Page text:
The U.S.-China trade dispute notwithstanding, the IEA’s estimate reflects U.S. exuberance about its opportunities to flourish with LNG, which has reached dozens of foreign destinations on at least four continents.
One of the world’s most-watched markets is Australia, which is bidding to become the world’s largest exporter of LNG on the backs of long-term contracts with Japan, China and South Korea. Australia’s LNG export earnings are projected to reach nearly $40 billion annually by 2023, according to the country’s Department of Industry, Innovation and Science. The nation’s floating liquified natural gas (FLNG) prospects are high as well, underscored by Royal Dutch Shell’s FLNG facility Prelude, which recently took on gas for the first time in preparation for delivering LNG to global markets.
Yet, Australia’s LNG prominence seems paradoxical: The nation faces unique challenges regarding the impact of its massive exports on domestic natural gas prices. This is something the governments in several territories are trying to address as other major players begin developing import terminals in the southern part of Australia. Proposed import facilities include both land-based and floating regasification units in conjunction with new gas pipelines. Those facilities would import LNG from the spot market and could still be competitive with the current domestic gas prices.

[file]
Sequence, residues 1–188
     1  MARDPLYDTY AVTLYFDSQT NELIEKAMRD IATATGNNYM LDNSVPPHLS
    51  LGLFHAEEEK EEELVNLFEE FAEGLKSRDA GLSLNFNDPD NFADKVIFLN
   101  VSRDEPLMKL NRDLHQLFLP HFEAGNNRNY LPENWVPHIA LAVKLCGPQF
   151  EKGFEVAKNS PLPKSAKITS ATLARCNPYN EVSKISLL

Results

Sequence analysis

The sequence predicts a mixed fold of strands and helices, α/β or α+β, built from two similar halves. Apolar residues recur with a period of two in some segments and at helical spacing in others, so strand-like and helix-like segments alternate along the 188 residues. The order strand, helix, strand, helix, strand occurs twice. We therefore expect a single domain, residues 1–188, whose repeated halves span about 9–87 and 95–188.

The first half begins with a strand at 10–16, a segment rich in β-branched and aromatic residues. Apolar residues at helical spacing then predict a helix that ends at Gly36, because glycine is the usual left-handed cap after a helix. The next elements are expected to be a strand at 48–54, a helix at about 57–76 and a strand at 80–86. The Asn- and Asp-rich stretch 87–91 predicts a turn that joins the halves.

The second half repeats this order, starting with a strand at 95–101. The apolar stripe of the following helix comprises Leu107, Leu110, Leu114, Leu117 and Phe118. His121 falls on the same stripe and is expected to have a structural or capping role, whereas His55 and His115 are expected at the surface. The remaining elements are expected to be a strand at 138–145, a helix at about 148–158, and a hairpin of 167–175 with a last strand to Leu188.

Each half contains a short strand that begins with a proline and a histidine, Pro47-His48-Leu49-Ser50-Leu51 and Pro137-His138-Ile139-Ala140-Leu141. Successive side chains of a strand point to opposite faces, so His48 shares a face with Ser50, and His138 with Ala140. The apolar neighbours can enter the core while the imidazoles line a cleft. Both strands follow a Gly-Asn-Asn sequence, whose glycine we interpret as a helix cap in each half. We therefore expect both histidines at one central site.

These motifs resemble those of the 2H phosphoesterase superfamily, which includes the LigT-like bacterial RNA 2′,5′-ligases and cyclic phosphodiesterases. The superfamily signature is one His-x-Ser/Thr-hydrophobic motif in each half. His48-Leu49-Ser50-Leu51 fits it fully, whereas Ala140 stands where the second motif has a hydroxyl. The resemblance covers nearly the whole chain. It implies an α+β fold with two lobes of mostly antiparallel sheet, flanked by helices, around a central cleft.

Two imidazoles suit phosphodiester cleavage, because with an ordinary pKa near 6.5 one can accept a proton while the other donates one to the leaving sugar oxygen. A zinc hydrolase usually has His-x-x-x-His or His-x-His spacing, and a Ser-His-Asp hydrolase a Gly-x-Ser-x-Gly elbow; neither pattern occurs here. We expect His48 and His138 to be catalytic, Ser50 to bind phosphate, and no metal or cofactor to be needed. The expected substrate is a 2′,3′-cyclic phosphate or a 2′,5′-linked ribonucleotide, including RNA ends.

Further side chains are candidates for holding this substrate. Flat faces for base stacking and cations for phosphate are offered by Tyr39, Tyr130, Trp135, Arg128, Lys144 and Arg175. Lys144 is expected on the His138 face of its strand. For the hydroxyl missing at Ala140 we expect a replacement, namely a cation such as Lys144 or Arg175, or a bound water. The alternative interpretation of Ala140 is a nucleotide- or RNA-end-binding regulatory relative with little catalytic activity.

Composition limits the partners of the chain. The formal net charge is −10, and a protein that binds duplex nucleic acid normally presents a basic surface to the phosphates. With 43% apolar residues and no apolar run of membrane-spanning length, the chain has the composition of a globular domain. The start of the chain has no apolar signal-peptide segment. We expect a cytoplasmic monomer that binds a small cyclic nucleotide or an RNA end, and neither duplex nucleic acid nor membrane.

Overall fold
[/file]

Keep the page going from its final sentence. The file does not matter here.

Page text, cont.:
In sub-Saharan Africa, the bonanza of vast, largely untapped natural gas reserves has positioned the region for a potential wave of development as it strives to meet its energy security goals. Trillions of cubic meters of natural gas — the biggest global find of the fossil fuel in decades — are believed to be in a basin off the coast of Mozambique, widely expected to become a force on the global LNG stage in the next decade.